Building on the science that came before him, in the early 1900s, Svante Arrhenius and others became concerned that releasing gigatons of CO2 into the atmosphere by burning fossil fuels would change the Earth’s atmospheric gas composition enough to lead to global climate change.
And yes, this includes an understanding of how that global climate change could lengthen and intensify the wildfire seasons in the West.
1958: The Risk of Sea Level Rise Featured on Bell Science Hour
There’s even a marvelous 1958 Bell Science Hour on weather (directed by Frank Capra no less) that spends a couple of minutes explaining the impact of burning oil and coal on the atmosphere, and ends with an animation of glass-bottom boats full of tourists sailing over the sunken city of Miami.
The point is, we’ve known, for a long time, what we were doing.
2020: Forest Fires
A typical tree spends its 40 year life happily building its body and feeding itself, along with other forest creatures, by taking the carbon from the CO2 in the air and releasing the waste oxygen, thank you very much. A mature tree will have removed about a ton of CO2 by constructing its roots, trunk, branches and leaves. Some species a lot more. If that tree ends up as 2x4s in your house, the carbon remains sequestered for as long as the house stands. If the tree falls in the forest and decomposes, most of the carbon will be released back over decades, although some will remain permanently to enrich the soil.
However, if the tree is burnt, a lifetime worth of carbon is returned to the atmosphere in an instant. The immediate impact of wildfires on global warming is complex due to the many other things that happen during a fire: aerosol release, albedo changes, cloud formation, windblown soot among others — but the long term effects of the carbon are clear. The California Air Resource Board (CARB) (ref) estimates that for the type of forest we have in California, every 1 million acres burned releases about 27 million metric tons of CO2.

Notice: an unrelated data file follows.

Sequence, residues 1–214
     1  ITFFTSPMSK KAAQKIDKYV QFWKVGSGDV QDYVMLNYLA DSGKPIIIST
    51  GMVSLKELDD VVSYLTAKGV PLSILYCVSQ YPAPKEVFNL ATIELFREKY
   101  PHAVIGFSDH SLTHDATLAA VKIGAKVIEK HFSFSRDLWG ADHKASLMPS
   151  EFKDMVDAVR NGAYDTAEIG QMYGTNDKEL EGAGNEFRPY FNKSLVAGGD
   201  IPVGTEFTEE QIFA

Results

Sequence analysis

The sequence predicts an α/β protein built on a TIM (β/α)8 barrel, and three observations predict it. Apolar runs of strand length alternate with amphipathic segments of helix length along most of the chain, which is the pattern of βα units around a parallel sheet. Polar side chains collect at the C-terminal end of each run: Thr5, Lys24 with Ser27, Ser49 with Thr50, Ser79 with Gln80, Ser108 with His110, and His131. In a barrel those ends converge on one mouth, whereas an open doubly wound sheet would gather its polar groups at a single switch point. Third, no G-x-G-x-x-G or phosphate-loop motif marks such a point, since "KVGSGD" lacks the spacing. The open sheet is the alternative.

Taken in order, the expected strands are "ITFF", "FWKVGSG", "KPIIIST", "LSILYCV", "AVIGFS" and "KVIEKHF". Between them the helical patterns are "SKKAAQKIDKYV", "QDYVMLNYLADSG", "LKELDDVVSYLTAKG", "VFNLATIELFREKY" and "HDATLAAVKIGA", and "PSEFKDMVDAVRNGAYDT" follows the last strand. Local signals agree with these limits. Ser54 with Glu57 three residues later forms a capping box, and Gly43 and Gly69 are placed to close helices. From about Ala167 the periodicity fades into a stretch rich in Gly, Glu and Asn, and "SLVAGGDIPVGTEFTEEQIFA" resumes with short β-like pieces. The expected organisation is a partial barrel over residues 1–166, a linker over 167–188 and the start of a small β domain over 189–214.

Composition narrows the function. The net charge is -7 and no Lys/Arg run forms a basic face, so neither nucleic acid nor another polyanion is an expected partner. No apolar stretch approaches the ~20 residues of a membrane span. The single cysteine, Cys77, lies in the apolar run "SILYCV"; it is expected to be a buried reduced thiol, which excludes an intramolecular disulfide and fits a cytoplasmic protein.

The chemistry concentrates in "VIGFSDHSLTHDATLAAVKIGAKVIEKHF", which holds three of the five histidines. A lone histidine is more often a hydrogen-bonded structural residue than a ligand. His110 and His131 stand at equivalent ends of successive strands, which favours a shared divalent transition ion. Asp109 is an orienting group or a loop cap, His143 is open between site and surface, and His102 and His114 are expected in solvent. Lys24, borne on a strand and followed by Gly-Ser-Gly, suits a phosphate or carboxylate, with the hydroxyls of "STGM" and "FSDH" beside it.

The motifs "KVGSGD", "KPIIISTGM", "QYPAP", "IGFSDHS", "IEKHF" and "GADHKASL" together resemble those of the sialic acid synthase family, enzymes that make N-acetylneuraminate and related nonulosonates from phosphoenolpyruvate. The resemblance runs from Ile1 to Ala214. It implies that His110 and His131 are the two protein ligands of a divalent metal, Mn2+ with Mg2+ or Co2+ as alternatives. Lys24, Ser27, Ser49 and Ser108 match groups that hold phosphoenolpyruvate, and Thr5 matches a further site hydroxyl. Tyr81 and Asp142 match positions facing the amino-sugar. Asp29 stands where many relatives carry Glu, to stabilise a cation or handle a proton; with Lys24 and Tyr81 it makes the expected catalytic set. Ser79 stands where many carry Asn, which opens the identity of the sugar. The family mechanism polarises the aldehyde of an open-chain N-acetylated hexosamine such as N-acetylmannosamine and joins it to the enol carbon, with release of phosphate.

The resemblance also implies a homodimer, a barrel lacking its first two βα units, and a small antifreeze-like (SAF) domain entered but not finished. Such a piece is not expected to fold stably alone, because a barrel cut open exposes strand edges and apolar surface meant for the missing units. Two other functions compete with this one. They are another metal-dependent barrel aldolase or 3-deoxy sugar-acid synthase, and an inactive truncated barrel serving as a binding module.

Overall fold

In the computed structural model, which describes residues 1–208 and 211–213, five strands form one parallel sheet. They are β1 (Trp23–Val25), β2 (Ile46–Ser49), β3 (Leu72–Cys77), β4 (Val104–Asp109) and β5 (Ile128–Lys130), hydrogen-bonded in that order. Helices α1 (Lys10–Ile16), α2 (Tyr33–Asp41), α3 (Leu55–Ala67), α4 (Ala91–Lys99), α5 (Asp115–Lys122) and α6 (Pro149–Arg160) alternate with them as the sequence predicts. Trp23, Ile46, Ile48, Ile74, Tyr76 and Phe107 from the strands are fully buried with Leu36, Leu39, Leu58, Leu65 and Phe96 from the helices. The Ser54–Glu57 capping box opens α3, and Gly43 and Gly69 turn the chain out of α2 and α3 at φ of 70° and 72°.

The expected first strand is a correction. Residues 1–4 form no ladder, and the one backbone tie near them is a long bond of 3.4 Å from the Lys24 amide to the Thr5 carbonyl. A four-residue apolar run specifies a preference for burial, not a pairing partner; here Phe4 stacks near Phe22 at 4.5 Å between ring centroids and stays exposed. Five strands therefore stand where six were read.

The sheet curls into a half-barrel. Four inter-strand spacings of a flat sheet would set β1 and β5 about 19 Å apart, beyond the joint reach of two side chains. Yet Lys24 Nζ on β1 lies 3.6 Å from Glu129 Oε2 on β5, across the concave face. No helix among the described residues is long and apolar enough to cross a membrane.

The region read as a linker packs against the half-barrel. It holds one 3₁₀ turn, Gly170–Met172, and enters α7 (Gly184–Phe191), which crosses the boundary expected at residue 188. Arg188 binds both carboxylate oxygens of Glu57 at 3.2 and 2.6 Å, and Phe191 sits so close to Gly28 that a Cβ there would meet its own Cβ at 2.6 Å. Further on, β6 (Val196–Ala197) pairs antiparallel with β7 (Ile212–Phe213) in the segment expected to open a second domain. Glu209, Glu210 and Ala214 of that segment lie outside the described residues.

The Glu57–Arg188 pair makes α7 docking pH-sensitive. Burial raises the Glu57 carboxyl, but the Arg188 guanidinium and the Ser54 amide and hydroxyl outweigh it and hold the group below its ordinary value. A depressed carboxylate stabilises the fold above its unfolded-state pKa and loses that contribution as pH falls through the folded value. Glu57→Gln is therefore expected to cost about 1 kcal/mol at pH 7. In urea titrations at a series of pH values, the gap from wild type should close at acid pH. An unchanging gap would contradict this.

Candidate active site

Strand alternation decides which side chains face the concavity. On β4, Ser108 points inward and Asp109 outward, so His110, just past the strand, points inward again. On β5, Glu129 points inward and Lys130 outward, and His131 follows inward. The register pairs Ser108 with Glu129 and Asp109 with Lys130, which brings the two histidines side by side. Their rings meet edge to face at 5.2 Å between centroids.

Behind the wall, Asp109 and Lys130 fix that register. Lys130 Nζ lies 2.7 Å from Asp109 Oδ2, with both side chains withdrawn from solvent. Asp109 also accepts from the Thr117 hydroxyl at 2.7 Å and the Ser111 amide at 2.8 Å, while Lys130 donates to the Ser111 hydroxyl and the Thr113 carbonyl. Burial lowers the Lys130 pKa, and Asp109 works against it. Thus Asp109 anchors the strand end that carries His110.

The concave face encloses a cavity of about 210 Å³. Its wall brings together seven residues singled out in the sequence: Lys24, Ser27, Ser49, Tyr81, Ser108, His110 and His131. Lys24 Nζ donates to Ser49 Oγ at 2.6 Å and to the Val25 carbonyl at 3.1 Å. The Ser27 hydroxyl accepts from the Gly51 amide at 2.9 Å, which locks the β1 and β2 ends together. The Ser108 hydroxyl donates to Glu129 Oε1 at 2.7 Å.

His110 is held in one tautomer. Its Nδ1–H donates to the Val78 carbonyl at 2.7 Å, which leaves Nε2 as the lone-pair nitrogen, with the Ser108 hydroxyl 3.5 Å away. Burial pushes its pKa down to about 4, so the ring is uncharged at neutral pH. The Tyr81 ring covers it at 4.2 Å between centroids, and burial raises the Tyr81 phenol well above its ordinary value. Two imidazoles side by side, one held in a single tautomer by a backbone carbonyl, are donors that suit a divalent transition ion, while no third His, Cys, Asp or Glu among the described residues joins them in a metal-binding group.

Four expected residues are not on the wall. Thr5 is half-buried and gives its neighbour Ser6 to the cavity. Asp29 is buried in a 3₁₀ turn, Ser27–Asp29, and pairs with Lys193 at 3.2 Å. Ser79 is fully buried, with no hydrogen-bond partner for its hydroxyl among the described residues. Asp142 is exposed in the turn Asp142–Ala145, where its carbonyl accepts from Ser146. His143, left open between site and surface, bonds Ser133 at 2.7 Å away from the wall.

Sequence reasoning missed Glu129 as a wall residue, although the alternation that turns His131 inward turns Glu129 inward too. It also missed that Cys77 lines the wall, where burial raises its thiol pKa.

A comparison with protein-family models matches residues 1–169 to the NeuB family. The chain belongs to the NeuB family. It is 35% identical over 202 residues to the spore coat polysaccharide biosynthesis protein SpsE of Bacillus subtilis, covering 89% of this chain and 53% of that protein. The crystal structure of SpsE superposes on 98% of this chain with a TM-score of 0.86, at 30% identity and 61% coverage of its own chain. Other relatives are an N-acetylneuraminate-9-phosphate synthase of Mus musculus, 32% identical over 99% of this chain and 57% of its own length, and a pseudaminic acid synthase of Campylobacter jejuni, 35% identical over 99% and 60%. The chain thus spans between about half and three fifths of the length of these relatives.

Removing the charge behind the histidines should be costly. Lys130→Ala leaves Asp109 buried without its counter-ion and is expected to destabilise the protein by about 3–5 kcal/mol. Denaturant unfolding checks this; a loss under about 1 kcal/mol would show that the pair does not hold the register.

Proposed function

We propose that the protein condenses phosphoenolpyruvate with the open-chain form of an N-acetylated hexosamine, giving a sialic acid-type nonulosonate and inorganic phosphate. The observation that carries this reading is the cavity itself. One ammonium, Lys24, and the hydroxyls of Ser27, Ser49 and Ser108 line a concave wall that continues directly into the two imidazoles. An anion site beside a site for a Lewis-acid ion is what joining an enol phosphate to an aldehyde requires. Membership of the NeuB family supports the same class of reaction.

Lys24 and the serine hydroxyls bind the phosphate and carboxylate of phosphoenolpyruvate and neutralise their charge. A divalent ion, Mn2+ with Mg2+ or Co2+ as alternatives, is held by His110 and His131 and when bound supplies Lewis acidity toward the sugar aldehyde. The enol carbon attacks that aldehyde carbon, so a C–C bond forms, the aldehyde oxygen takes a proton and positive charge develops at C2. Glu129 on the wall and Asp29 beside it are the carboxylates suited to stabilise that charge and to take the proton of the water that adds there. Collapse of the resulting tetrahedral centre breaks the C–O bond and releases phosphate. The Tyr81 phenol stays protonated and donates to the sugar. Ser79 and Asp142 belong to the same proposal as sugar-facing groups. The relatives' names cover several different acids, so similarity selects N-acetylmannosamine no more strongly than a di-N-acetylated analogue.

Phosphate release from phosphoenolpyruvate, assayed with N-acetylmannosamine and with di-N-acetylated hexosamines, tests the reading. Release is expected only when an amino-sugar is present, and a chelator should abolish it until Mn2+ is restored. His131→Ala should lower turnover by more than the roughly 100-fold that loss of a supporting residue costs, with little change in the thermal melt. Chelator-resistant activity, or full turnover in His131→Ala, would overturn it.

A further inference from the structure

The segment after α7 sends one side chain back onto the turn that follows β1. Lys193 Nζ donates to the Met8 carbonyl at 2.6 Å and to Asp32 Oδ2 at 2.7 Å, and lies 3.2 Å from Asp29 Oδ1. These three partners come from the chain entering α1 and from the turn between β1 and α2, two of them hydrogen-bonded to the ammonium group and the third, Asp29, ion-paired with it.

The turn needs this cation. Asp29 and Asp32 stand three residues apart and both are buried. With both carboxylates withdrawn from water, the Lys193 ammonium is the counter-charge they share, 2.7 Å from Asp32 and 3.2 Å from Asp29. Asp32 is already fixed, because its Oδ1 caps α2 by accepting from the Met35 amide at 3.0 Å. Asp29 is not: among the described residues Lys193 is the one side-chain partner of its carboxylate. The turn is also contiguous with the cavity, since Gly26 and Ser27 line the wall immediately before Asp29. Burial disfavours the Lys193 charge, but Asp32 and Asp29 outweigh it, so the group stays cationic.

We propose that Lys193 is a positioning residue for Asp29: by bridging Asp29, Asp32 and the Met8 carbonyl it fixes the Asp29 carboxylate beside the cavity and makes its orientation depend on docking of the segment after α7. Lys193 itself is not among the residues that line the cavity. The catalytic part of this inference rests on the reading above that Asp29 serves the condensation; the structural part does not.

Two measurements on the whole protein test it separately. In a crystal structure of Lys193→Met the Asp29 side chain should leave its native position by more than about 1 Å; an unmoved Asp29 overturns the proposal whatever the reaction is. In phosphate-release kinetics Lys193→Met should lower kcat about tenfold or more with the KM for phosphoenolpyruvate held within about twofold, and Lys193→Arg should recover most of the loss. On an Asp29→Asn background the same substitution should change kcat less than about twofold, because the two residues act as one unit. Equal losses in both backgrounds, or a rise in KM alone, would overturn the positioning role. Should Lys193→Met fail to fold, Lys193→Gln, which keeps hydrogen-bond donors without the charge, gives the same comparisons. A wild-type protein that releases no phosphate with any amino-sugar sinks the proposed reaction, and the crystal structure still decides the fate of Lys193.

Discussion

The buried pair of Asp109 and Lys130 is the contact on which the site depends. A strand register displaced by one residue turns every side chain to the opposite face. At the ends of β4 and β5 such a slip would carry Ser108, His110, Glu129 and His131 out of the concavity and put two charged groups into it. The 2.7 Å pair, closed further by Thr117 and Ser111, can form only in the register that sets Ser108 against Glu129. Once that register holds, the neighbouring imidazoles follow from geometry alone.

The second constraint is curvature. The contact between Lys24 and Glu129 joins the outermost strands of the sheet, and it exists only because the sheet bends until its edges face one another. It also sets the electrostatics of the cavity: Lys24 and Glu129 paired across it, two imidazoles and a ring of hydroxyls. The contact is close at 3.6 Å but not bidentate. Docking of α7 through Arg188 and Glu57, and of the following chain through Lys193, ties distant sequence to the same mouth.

Although not good, compared to the 32 thousand million metric tons of CO2 released by human activity each year, our bad fire season doesn’t move the needle much.
2021 and Beyond
For many generations, science has been revealing the hidden truths of the way the world really is — even when it involves invisible gases keeping us warm and multi-ton structures hundreds of feet tall building themselves out of seeming nothing. It shows us how burning fossil fuels captures extra heat that is warming the oceans, and how that warming water lengthens and intensifies the wildfire seasons in the West and makes the hurricanes in the Gulf stronger and more frequent. And, of course, that the impacts are global.
This is established, long-held knowledge; it’s only the recent, bombastic consequences that look radical.
Nevertheless, these recent events underline to me the need to build and invest in companies and technology that reduce our carbon emissions as quickly as possible. Even as we build a net-zero carbon emission economy, we need to be sucking as much of our extra CO2 out of the atmosphere as we can. As efficient as trees are, even if we covered the whole planet with trees, they wouldn’t be enough to extract centuries worth of our emissions. We will need some new solutions.
If you’re a tech entrepreneur working on these problems, the world needs you! Get in touch with me at firstname.lastname@example.org and tell me what you’re building.